The Good, The Bad, And The Pirlo Of Juventus’ Season
by Conor McStay
With the Serie A title all but wrapped up for the second year in a row, and with Juve being eliminated from the Coppa Italia and Champions League, it seemed like an apt time to look back at a season with new challenges as well as the same underlying problems for the Old Lady.
I’ll be completely honest, I didn’t expect Pogba to feature much, if at all, this year. The manner in which he left Manchester United cast a shadow over his (or perhaps his agent’s) conduct and I thought that he was a risky signing, who would be left on the peripherals of the squad for a year or two. Thankfully, I was proven wrong. A player in the Patrick Vieira mould, Pogba has been a more than able deputy whenever one of Pirlo; Marchisio or Vidal have been missing. Not only have his performances resulted in a call up to the French national team, Pogba has also been accommodated into the Juventus midfield on a permanent basis off the back of his impact this year, in a 3-6-1 formation. Whether this continues to be the case it will be hard to tell, but it’s clear that he has the potential to play for Juventus as long as he wishes to. His fondness for a long range golazo (seen against Udinese, Napoli and Siena) has won over a lot of the fans.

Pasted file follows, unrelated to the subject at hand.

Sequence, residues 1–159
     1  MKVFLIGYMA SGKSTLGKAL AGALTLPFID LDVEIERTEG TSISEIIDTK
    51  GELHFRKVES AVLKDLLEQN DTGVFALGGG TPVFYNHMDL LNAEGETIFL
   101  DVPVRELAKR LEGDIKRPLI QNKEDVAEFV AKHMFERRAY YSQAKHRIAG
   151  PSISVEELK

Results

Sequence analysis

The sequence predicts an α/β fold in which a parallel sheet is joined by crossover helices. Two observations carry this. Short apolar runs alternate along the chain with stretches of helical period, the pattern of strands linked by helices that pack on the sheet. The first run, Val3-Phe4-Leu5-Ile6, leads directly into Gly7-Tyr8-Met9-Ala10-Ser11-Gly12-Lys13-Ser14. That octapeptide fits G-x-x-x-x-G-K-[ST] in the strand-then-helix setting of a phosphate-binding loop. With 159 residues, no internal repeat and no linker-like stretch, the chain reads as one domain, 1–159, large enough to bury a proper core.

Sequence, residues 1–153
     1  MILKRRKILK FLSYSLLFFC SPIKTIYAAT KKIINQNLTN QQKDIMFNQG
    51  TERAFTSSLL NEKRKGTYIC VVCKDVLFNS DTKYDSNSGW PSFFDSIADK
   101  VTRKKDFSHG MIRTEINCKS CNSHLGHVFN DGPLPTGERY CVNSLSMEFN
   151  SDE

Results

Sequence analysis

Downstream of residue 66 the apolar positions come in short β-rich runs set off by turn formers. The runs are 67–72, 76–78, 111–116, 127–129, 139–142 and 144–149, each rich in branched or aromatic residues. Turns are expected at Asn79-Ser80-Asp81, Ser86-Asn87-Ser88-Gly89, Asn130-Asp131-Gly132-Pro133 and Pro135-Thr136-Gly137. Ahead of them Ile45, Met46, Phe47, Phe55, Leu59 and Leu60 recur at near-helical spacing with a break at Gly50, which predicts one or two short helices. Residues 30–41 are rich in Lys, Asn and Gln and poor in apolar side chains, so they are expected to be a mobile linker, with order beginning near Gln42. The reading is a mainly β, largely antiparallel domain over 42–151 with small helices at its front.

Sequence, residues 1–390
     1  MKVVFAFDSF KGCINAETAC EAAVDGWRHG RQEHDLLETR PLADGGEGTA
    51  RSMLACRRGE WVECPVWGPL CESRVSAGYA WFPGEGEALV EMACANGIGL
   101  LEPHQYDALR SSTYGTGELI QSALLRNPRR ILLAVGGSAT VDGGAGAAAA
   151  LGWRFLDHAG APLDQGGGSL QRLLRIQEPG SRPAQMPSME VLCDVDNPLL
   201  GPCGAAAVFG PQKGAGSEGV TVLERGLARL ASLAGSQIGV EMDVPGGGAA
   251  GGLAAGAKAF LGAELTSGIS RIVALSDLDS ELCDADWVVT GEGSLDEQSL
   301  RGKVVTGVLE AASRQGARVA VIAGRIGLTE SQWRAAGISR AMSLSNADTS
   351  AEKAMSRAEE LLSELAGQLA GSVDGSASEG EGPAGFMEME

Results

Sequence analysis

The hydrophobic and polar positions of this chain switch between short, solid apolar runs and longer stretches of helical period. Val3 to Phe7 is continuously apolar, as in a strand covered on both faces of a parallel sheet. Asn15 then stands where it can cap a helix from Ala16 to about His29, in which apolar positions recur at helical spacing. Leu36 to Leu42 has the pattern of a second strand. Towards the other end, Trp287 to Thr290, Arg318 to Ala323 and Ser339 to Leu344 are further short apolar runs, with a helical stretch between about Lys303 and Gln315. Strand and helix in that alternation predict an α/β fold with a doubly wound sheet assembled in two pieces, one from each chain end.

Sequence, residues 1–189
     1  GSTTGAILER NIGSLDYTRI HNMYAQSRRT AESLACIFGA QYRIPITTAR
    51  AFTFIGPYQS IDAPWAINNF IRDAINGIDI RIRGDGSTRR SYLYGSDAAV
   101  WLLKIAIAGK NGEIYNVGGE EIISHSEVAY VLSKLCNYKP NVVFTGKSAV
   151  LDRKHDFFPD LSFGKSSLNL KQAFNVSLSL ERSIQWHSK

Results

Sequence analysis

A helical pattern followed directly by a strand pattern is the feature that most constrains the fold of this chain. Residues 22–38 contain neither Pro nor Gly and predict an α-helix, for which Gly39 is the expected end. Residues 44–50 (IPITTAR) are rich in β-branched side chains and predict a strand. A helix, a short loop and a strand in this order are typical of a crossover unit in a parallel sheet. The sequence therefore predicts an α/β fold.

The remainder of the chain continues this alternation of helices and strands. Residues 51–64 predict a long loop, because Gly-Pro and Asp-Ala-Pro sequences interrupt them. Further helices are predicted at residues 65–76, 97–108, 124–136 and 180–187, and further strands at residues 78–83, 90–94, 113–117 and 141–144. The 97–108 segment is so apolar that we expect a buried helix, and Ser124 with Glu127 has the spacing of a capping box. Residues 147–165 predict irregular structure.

Champions League performance
Last year’s Serie A triumph brought Juventus back to the Champions League, the first time that they had been in the competition since the 2009/2010 season. This gap left Juve in one of the lower pots for the draw, resulting in the match up with Chelsea, Shakhtar Donetsk and Nordsjaelland. Now Antonio Conte’s passing and counter-attacking style would be tested in Europe for the first time, against quality opposition. Admittedly, I imagined that Juve would struggle to get out of the group so the progression with 12 points from 6 games (in top spot) was a huge relief. In a room filled with Chelsea fans, watching the comeback from 2-0 down to earn a draw was a gleeful feeling. It also served to highlight the quality that made ITV’s analysis of the Juventus team as being one which ‘lacked quality players’ even more ridiculous. As for the 3-0 result in Turin, it caused heads around Europe to turn and acknowledge this new-look Juventus team as a dark horse for the competition. Granted, two of the goals that night were deflections, Juventus were deserving of the victory.